HomeCampusPoll: Asian Americans oppose use of race in college admissions

Poll: Asian Americans oppose use of race in college admissions

By Randall Yip, Executive Editor

A new multilingual AAPI Data/AP-NORC poll reveals a possible shift in the attitudes of Asian Americans and Pacific Islander toward the use of race in college admissions.

What exactly the latest poll means is still unclear, according to those on both sides of the debate on race in admission standards.

The poll of 1,068 AAPIs found 53% surveyed believe the consideration of race is unfair with only 18 percent supporting consideration of an applicant’s ethnicity.

A similar poll just one year ago by the Pew Research Center made similar findings, while also concluding that 53% consider affirmative action in hiring a good thing.

Just how Asian Americans and Pacific Islanders see the use of race in public policy remains a bit muddled.

Just two years earlier, AAPI Data revealed 69% of AAPIs supported the use of race to help Black students, other minorities and women gain better access to college admissions.

Pollsters conducted all three surveys mentioned in this story in multiple Asian languages.

An outspoken critic of race in college admissions, SB Woo of the group 80-20 says it’s difficult to compare poll results because the wording of the poll makes a difference.

He thinks the results of this week’s AAPI Data/AP-NORC poll may have been influenced by outside factors.

“The 2023 ruling of the Supreme Court against the use of race in college admissions may be the reason,” Woo told AsAmNews by email.

Karthick Ramakrishnan, founder and executive director of AAPI Data, says he also believes the Supreme Court could be a factor but thinks more research needs to be done before drawing any conclusions. He says it’s definitely “worth monitoring.”

Past Supreme Court decisions have shifted public opinion both ways. He cited the Brown v Board of Education ruling that desegregated public schools shifted attitudes about race significantly.

Ramakrishnan also pointed out the 2022 ruling that overturned the constitutional right to abortion galvanized the pro-abortion movement and sparked a backlash against both the Supreme Court and politicians who supported the ruling.

He says it’s too early to tell if the Scotus ruling in Students for Fair Admissions v Harvard will cause a similar political momentum swing in either direction.

“The Asian American community is less likely to support a policy if they don’t see Asian Americans benefitting from a policy,” Ramakrishnan told AsAmNews during a phone interview.

While 80-20 opposes race in college admissions, it does not oppose the use of race in hiring.

Both Wu and Ramakrishnan agree how you word a poll will influence the results. To truly compare polls, the wording must be the same.

The latest AAPI Data/AP-NORC poll also explored the teaching of AAPI education and other race issues in schools.

71% endorse subjects such as Asian American and Pacific Islander history. That’s the exact same percentage who would like to see the teaching of historical topics such as slavery, racism, and segregation.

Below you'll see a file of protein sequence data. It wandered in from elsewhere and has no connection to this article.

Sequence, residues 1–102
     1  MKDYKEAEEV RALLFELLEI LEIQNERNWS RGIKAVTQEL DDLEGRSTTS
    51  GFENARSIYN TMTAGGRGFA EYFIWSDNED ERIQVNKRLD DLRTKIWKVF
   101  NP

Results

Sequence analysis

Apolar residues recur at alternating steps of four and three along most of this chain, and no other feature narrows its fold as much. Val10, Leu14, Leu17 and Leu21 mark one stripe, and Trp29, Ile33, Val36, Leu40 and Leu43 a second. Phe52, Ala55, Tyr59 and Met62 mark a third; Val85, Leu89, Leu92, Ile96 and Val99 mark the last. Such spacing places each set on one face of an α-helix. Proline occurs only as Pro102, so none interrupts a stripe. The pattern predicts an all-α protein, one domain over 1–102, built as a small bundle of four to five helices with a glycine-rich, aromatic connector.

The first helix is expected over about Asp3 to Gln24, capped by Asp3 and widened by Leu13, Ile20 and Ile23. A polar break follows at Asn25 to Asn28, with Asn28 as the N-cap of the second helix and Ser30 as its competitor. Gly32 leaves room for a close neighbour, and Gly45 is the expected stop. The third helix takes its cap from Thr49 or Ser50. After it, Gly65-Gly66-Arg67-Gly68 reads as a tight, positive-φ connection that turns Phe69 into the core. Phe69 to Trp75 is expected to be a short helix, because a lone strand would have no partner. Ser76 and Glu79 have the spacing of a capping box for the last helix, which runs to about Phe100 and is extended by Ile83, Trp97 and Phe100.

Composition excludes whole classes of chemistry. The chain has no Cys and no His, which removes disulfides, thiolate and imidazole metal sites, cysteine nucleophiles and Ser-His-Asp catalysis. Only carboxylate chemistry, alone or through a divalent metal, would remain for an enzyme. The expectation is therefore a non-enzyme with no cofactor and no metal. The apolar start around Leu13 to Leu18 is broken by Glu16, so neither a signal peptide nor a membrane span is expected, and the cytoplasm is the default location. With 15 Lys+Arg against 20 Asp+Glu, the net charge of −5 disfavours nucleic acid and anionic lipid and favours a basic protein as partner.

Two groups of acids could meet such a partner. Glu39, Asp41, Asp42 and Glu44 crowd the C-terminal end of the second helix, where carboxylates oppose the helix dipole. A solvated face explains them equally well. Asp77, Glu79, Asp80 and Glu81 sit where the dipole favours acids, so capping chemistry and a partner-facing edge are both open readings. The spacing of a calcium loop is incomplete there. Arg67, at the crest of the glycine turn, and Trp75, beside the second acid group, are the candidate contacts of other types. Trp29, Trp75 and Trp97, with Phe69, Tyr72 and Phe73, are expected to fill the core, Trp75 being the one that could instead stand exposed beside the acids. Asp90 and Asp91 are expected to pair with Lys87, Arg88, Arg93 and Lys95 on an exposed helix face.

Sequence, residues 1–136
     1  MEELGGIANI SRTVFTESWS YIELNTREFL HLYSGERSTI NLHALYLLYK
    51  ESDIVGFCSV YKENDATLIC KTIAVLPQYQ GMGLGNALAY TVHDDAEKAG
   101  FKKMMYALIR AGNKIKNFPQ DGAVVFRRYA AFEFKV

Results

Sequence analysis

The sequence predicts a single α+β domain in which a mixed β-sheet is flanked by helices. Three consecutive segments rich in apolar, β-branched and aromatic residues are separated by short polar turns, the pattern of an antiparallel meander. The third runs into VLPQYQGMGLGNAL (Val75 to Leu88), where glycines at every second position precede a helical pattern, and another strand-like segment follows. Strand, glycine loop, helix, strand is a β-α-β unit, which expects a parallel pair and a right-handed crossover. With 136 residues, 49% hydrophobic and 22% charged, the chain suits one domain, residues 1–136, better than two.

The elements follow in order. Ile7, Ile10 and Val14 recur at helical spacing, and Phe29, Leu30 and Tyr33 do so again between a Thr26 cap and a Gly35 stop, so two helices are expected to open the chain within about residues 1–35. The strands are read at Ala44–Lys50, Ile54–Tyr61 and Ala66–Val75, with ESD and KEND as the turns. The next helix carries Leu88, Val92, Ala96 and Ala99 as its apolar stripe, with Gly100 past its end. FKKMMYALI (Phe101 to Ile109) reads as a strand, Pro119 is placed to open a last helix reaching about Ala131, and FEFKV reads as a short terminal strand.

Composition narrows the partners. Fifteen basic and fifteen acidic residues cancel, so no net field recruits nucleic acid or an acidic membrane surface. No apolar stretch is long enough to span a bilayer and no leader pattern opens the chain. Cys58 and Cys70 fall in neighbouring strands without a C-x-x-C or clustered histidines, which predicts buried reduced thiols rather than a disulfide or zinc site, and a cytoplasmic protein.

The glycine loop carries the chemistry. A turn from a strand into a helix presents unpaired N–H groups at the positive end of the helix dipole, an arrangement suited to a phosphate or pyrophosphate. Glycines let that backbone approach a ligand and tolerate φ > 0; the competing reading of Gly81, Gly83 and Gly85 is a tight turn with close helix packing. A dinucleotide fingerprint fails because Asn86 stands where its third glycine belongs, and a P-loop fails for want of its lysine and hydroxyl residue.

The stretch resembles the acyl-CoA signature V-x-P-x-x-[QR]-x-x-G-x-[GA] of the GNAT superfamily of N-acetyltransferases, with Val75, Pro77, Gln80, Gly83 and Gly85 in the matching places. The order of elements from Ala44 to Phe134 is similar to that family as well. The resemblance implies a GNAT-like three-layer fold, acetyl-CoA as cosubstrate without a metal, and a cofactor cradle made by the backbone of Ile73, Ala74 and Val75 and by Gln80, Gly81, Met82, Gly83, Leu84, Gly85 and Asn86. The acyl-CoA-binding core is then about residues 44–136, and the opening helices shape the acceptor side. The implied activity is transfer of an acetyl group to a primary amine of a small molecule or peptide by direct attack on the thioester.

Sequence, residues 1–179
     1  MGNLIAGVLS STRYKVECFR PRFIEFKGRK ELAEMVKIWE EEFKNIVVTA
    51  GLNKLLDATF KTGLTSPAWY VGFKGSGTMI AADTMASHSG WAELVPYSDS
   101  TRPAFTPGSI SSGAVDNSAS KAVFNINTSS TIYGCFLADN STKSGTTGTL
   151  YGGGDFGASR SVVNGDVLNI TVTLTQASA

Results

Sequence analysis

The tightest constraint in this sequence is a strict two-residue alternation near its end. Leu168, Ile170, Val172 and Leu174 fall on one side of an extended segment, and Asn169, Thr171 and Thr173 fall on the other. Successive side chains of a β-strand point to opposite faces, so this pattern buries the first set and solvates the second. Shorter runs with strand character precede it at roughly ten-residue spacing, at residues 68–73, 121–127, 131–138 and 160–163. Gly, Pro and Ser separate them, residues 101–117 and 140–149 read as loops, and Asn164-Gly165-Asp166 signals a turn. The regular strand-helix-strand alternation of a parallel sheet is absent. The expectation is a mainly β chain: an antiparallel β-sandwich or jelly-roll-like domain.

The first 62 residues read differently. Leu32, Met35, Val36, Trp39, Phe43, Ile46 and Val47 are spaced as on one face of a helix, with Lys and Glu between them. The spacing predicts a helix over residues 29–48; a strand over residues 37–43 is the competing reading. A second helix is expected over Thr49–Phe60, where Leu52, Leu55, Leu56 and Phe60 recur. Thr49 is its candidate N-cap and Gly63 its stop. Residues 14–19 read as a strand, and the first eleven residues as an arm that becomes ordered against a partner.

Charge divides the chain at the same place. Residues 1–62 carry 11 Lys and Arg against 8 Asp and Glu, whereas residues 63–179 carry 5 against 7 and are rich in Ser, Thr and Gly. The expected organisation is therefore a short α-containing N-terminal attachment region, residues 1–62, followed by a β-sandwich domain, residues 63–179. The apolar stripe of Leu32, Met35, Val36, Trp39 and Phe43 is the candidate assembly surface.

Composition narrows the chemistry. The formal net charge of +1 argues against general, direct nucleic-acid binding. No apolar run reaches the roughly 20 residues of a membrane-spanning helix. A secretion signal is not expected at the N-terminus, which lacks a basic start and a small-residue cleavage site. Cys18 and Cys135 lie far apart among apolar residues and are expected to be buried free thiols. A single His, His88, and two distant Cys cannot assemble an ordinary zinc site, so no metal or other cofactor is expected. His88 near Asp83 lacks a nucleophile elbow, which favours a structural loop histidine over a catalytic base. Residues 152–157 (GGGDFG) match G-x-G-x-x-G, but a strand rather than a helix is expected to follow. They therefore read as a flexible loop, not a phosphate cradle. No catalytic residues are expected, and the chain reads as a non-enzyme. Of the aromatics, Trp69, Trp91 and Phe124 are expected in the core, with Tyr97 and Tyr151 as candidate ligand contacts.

The AAPI Data/AP-NORC poll was conducted in the Chinese dialects of Mandarin and Cantonese, Vietnamese, and Korean and has a margin of error of 4.7 percentage points.

AsAmNews is published by the non-profit, Asian American Media Inc. Follow us on FacebookX, InstagramTikTok and YouTube. Please consider making a tax-deductible donation to support our efforts to produce diverse content about the AAPI communities. We are supported in part by funding provided by the State of California, administered by the California State Library in partnership with the California Department of Social Services and the California Commission on Asian and Pacific Islander American Affairs as part of the Stop the Hate program. To report a hate incident or hate crime and get support, go to CA vs Hate.


  1. Affirmative action was once used to determine underrepresentation of qualified minority groups in jobs and in education. It was used to battle the establishment of a permanent underclass of racial minorities.

    DEI is now being used to replace affirmative action, seeking to create a society being integrated and interdependent.

    Others seek to create a permanent underclass with whites on top. This can be achieved by promoting criteria far above what is needed to complete four years of college study.

    The recent SCOTUS decision erred by ruling that an educational opportunity should be seen as an end unto itself as opposed to a means towards an end.

    Harvard got it right whereas SFFA and 80-20 need to learn how to represent and lead all Americans in fairness. The AAPI community needs to repair the damage caused by the SCOTUS decision.


Please enter your comment!
Please enter your name here

This site uses Akismet to reduce spam. Learn how your comment data is processed.


Worth the Time

Must Read

Regular Features


Discover more from AsAmNews

Subscribe now to keep reading and get access to the full archive.

Continue reading